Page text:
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Spring Budget Announcement

Spring Budget Announcement

Jeremy Hunt laid out his economic plans in today’s Spring Budget. With highly-anticipated announcements surrounding energy bills and childcare support, how will today’s statement impact the property sector?

Just four months ago, Jeremy Hunt issued his Autumn Statement, or rather, his rectifications to the Kwasi Kwarteng and Liz Truss mini-budget that caused economic fallout. Since then, confidence in the money markets has returned, and there is a positive outlook for mortgage interest rates and the wider property sector.

Today, we heard Hunt’s much-anticipated Spring Budget announcement. From pensions and fuel duty changes, to childcare and energy bills support, many property investors will be keen to hear how today’s budget could help them. Most importantly, they will hope to see what the Chancellor has put in place to help boost the property market.  


Energy Bills

Landlords have had to deal with rising energy costs on their own homes, as well as on their investment properties. Lower-earning tenants have struggled most to meet these price increases, which has put more pressure on landlords to help cover these extra costs. In today’s budget, Hunt acknowledged the continued financial difficulties many families and renters face. Consequently, the Energy Price Guarantee will remain at £2,500 for the next three months, allowing for a further £160 worth of household savings.

Rising energy bills have, of course, impacted everyone, but those on pre-payment metres continue to face higher costs than families on direct debits. Today, Hunt introduced a scheme which will help support your tenants who need it most, by bringing pre-payment charges in line with comparable direct debit bills.

These measures will go some way to reduce the financial stress of tenants and landlords, reducing rent arrears and income interruptions.


Investment Zones

A scaled-back plan based on Liz Truss’ levelling up Investment Zones will see just 12 designated areas, rather than hundreds. Under Hunt’s plans, each zone will access £80 million of support over five years, including tax incentives for businesses.

Touted as “the new Canary Wharfs”, these zones will be focused around universities. Currently, the shortlisted areas list include the East Midlands, Greater Manchester, Liverpool City, the North East, South Yorkshire, Tees Valley, the West Midlands and West Yorkshire.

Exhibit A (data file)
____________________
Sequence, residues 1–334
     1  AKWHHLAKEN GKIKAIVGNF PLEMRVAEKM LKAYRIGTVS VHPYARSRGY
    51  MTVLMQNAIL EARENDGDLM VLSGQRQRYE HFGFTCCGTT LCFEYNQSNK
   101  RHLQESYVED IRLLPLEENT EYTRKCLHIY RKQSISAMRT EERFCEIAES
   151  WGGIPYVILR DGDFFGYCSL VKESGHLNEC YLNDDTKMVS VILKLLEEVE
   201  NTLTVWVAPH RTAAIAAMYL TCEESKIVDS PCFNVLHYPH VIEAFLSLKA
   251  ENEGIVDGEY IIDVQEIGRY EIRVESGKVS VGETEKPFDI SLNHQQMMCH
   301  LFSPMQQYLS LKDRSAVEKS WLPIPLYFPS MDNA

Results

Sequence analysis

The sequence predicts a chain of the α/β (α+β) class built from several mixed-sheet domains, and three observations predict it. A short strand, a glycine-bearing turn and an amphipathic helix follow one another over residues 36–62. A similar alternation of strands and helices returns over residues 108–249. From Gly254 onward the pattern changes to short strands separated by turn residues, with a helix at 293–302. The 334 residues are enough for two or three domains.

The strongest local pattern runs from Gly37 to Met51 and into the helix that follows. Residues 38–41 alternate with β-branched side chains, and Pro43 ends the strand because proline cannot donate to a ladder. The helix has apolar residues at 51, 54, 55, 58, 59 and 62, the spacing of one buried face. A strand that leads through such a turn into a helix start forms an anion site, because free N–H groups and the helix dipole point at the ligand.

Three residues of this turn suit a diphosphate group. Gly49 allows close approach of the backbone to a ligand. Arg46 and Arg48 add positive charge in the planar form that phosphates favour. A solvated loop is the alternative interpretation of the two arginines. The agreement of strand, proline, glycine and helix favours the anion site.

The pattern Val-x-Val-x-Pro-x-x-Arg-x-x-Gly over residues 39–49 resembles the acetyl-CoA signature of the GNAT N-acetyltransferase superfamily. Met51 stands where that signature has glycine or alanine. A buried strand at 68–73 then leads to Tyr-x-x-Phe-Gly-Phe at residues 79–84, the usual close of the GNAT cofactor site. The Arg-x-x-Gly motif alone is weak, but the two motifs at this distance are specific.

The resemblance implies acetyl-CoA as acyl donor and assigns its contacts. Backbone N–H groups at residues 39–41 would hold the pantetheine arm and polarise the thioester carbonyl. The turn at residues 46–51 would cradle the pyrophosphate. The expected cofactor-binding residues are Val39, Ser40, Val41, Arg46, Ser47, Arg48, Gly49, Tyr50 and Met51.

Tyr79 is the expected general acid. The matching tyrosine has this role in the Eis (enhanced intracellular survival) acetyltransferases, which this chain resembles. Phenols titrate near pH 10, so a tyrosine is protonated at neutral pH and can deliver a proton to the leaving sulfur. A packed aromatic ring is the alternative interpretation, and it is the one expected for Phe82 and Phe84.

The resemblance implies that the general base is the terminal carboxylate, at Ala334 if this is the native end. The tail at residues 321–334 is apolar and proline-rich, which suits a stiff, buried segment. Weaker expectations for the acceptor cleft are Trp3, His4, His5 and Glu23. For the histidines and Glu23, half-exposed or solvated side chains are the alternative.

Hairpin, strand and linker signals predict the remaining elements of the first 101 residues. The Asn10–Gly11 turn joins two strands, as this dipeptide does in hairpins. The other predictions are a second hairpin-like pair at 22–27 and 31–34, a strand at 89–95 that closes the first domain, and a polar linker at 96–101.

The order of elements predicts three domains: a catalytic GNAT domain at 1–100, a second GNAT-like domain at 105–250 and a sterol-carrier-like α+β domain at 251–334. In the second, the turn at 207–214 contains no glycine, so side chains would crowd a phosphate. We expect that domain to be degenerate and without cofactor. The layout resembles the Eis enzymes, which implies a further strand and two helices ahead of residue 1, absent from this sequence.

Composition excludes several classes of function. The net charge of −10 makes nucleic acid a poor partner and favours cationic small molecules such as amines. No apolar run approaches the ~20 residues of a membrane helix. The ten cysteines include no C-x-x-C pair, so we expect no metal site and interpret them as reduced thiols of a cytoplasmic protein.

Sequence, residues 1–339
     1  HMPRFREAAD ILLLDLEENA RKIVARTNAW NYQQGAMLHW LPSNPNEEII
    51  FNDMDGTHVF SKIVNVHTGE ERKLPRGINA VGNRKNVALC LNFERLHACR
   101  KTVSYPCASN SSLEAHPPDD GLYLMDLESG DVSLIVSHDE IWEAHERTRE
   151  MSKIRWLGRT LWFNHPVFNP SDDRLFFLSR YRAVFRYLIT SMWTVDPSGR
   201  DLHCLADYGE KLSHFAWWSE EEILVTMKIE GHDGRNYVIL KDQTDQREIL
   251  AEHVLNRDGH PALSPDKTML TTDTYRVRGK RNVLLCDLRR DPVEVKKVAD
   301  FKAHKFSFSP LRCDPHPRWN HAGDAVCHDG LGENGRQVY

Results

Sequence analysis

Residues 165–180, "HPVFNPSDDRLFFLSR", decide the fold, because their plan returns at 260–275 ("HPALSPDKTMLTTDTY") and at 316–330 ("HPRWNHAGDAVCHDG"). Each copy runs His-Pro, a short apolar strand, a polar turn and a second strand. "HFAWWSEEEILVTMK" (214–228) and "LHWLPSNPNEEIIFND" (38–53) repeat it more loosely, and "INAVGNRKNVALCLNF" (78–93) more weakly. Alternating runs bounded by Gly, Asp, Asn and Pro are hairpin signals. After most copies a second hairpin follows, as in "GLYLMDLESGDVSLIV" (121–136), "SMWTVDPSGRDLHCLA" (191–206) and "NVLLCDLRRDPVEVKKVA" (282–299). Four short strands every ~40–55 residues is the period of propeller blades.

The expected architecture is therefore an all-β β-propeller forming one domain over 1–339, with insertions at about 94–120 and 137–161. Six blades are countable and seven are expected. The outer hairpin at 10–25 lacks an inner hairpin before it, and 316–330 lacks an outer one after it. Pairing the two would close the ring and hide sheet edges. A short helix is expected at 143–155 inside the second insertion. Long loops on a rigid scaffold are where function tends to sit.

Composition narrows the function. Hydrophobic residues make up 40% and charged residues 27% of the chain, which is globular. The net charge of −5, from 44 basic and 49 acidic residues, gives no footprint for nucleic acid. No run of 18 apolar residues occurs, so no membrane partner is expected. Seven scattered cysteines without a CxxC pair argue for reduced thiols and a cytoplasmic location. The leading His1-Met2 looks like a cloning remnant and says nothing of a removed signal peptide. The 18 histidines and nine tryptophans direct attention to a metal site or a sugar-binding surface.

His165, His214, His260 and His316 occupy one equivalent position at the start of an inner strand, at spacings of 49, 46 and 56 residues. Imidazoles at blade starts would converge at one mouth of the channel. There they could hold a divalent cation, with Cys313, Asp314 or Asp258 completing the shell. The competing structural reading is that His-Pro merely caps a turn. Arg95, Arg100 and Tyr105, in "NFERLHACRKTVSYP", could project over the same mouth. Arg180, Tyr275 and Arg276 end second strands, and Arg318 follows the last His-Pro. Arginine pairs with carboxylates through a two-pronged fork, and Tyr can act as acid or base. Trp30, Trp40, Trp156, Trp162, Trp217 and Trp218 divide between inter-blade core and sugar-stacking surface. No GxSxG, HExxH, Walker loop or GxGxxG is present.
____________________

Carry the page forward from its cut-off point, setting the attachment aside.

These investment zones will offer property investors significant opportunities to provide rental housing and commercial business units for the areas. We eagerly await news on the specific locations of these investment hotspots.


Corporation tax

The planned increase of Corporation Tax from 19% to 25% will still go ahead in April. The full 25% rate will only apply to businesses with taxable profits above £250,000, an estimated 10% of companies. According to predictions, around 70% of businesses won’t see increased tax bills under the new rates.

Companies with profits between £50,000 and £250,000 will pay between 19% and 25%. Despite this tax rise, the UK still has the lowest Corporation Tax rate in the G7.

However, a new announcement in today’s budget means businesses can deduct investment costs for new IT equipment and other machinery from taxable profits.

For full details of the impact on your business, please seek professional tax advice.



The annual tax-free pension allowance will increase from £40,000 to £60,000 from 6th April 2023. The change means you can pay up to £20,000 more into your private pension per year, without a tax penalty.

Furthermore, the Government is abolishing the pension Lifetime Allowance. This limit meant that individuals could only pay up to £1,073,100 into a private pension before paying additional tax.

The Government’s pledge to increase state pensions in line with inflation (10.1%), announced in November, still stands.  

Despite speculation, there was no announcement on increases to the state pension age. However, for those born after 6th April 1960, the state pension age will likely increase to 67 by 2028, and 68 around 2044.


Fuel duty

Reduced initially in March 2022 following significant increases when Russia invaded Ukraine, the Government will extend the 5p cut to fuel duty for another year. It’s estimated this will save the average driver £100 a year in fuel costs.


Alcohol duty

From 1st August, draft duty will be up to 11p cheaper in pubs than in supermarkets, incentivising pub visits and boosting public house owner profits. This is in addition to plans to reduce the duty on alcoholic drinks below 8.5% and a 12.5% tax for all wines with alcohol content between 11.5% and 14.5%. These measures will run for 18 months, starting from August 2023.

Following reports that more than 32 pubs in England and Wales closed every month during 2022 due to rising costs, these measures will help save what is often considered a British institution.


Public Sector Pay